Why Is My Insurance so High with No Accidents?
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So you’re a good driver. You’ve never been in an accident. You’ve never even made a claim on your car insurance policy. Why are you paying so much for car insurance?
There are a number of reasons why your insurance may be so high with no accidents. Today, we’re explaining all of these reasons to help you understand why you’re paying high prices. Sometimes, you’re legitimately paying too much. In other cases, insurers are charging a competitive price for your policy – and you just don’t understand how insurance pricing works.
What Goes into the Price of Car Insurance?
The price of your car insurance is about more than just your driving history. You might have a clean driving history yet still pay significantly higher premiums than someone with an accident-filled driving history.
Some of the factors that go into the price of car insurance include:
Your Driving Record: Insurance companies want to know your complete driving history before offering you a policy. This includes any accidents or incidents from your past. If you’ve never had an accident, then you might still pay high prices because of previous speeding tickets or traffic violations.
Your Driving Activity: How far do you drive to work every day? How many miles do you put on your vehicle every year? The more you drive, the riskier your driving activity is.
Your Credit History: Your credit history has a powerful effect on your insurance rates. Your insurance company may ask to see your credit history, including your debts, tax liens, personal judgments, and medical bills.
Your Location: Drivers in some states pay significantly more than drivers in others. We’re not just talking about drivers in rough winter climates. Drivers in Louisiana, for example, pay some of the highest insurance rates in the nation. Your state can have a significant impact on your insurance rates.
Your Demographic Data: Your sex, age, and marital status all impact your insurance rates. These factors are typically outside of your control. However, your insurance company will look at historical driving data to decide on a fair rate for your insurance plan. If 23-year-old male drivers are a higher risk group than 58-year-old female drivers, then younger male drivers will pay more for car insurance.
Your Vehicle: Your vehicle, obviously, is one of the biggest factors in the price of car insurance. The type of car you drive has a big impact on the price you pay. If you’re driving a $200,000 luxury vehicle, then you’re going to pay a higher price than someone driving a $10,000 economy vehicle.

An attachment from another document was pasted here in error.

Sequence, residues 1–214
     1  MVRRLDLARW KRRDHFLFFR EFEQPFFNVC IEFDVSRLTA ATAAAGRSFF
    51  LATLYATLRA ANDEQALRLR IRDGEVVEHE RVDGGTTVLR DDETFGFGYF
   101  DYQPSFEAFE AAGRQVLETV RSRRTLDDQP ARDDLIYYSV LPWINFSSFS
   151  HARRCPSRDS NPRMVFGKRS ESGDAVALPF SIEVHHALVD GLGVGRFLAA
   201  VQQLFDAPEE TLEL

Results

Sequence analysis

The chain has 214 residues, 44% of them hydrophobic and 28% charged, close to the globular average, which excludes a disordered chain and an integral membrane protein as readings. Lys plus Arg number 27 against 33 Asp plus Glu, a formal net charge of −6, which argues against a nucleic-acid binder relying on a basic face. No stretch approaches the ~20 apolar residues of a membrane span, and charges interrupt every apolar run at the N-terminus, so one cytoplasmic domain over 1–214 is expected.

Your Policy Options: What’s covered on your insurance policy? How much are you paying for your deductible? Did you opt for a low deductible and a high monthly premium? Did you buy a comprehensive policy with all of the bells and whistles? Or did you choose a cheaper plan with the minimum liability coverage? The type of policy you choose – and the options on that policy – will have a profound impact on the price you pay.
Other Reasons Why Your Car Insurance May Be High with No Accident History
Some people have gone their whole lives without being in an accident – but they still pay enormous insurance premiums. Here are some of the reasons why you might pay high car insurance prices with no accidents:
- You have a terrible driving record, including points-related offenses like speeding tickets or traffic violations
- You have a history of big claims (someone who has made claims for three fender benders, for example, may pay lower rates than someone who has totaled one vehicle)
- You have a long commute and/or put a lot of miles onto your vehicle every year
- You have a poor credit history
- You’ve canceled auto insurance in the past
- You have a DUI or other similar offense
- You’re a young, unmarried male
- You live in a state or region with high insurance premiums
- You’re driving a car that’s perceived to be unsafe or riskier than an ordinary vehicle (smaller sports cars tend to be involved in more accidents than a Prius, for example)
- You’re paying too little for your deductible
- You’re paying for more coverage than you need
- You’re not bundling insurance plans together
- Someone has stolen or abused your identity (someone might have provided your driver’s license or personal information when they were caught speeding, for example, or there may be other record-keeping errors in your driving history)
Final Word on Why Insurance Can Be so Expensive
You’ve never had an accident – but you’re still paying a lot of money for car insurance. As we learned above, there are a number of reasons why you could be paying too much for car insurance. Maybe you’re driving a brand new vehicle, for example. Maybe you have a driving record filled with speeding tickets and traffic violations. Maybe someone stole your identity and abused your clean driving record.
Whatever your reason may be, be sure to check with an insurance agent or compare car insurance quotes to make sure you’re paying a competitive price for car insurance.